Gastroesophageal varices are among the most dangerous complications associated with cirrhosis. They are present in 50% to 60% of cirrhotic patients.1 Approximately 30% of patients will experience an episode of variceal hemorrhage within 2 years of the diagnosis of varices.1 The major factors that determine the risk of bleeding are variceal size and the degree of liver dysfunction.1-3 Variceal bleeding stops spontaneously in 20% to 30% of cases.1-4 It recurs in 70% of patients within 1 year of the initial episode.1-4 Mortality is as high as 50% in the first year.5 Variceal bleeding accounts for almost one-third of deaths in cirrhotic patients. Variceal hemorrhage has a poor prognosis if it is associated with coexisting or subsequent complications (e.g., rebleeding, infection, hepatic dysfunction, and portal pressure ≥ 12 mmHg).6,7 Somatostatin and its analogues cause splanchnic vasoconstriction, leading to reduced portal pressure and portal blood flow, whereas venodilators reduce portal pressure by reducing resistance to portal flow.7,8
Doctors Sengstaken and Blakemore developed the concept of balloon tamponade to control bleeding esophageal and gastric varices in 1950. They developed a triple-lumen and double-balloon system that bears their names. The Sengstaken-Blakemore (SB) tube is used as a temporizing measure to stop variceal bleeding until more definitive means are available (Figures 81-1 and 81-2). The SB tube was designed for the control of esophageal varices and as a diagnostic aid to determine the source of hemorrhage into the stomach. There are variants of the SB tube (e.g., the Minnesota tube and the Linton-Nachlas tube). The Minnesota tube is a quadruple-lumen, double-balloon system (Figure 81-3).9 The Linton-Nachlas tube was designed with only an esophageal balloon (Figure 81-4). It controls bleeding for esophageal varices. These tubes are rarely used today due to the significant complications and the widespread availability of endoscopy and its therapeutic interventions.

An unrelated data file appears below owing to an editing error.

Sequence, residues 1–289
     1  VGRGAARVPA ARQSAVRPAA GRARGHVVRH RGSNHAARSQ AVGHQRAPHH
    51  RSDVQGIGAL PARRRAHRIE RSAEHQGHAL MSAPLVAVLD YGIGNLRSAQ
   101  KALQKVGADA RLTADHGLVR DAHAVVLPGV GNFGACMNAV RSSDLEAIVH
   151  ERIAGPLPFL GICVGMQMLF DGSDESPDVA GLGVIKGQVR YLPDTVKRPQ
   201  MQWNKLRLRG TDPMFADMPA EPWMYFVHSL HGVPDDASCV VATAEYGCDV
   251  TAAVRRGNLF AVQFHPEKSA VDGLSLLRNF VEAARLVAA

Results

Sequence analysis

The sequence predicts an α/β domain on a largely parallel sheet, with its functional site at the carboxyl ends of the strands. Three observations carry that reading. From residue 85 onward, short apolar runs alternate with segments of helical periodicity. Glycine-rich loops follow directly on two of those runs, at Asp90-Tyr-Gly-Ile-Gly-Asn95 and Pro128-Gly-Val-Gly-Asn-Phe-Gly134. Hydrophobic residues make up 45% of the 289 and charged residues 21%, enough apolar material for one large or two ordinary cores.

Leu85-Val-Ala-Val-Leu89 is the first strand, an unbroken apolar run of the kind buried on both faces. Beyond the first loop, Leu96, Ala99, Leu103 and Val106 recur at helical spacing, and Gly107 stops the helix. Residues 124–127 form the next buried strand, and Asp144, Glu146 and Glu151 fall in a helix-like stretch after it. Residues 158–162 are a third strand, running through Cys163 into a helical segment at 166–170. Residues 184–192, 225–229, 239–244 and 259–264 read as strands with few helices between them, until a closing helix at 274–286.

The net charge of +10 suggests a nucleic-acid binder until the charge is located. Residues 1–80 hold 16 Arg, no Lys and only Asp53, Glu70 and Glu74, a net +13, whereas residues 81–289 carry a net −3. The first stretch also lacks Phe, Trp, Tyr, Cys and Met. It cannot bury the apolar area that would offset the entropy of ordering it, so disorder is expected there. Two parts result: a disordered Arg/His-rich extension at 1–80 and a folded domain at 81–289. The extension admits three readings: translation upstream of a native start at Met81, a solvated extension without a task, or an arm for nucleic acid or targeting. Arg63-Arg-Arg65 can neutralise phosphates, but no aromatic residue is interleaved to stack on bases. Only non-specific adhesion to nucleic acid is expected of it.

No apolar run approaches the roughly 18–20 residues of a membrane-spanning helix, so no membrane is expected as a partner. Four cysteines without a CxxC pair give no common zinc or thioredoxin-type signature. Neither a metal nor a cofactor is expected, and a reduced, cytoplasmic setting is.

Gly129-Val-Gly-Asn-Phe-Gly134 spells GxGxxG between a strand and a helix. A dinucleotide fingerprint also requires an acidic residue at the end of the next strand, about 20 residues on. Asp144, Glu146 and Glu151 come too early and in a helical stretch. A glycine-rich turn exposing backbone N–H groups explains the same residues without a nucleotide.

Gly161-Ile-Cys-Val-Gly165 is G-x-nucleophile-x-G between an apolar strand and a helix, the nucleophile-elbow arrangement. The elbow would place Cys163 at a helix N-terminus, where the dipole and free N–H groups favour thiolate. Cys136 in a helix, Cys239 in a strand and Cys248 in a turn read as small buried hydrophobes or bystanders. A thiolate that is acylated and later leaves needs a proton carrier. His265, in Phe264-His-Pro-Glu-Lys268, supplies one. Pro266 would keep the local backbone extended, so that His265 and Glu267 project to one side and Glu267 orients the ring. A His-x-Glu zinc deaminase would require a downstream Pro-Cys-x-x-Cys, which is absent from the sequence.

Schematic illustration of the Sengstaken-Blakemore tube.
The Sengstaken-Blakemore tube. A. Overall view of the SB tube. B. The proximal ports. C. The esophageal and gastric balloons in the inflated and deflated states. D. The distal end.
The Minnesota tube. A. Photo. Gastric balloon (A), esophageal balloon (B), gastric and esophageal suction ports (C), gastric balloon control branch point (D), gastric balloon control port with Christmas tree connector and three-way stopcock (E and F), repeat of gastric balloon set-up on the esophageal balloon side (G). (Used with permission from reference 9.) B. Schematic illustration.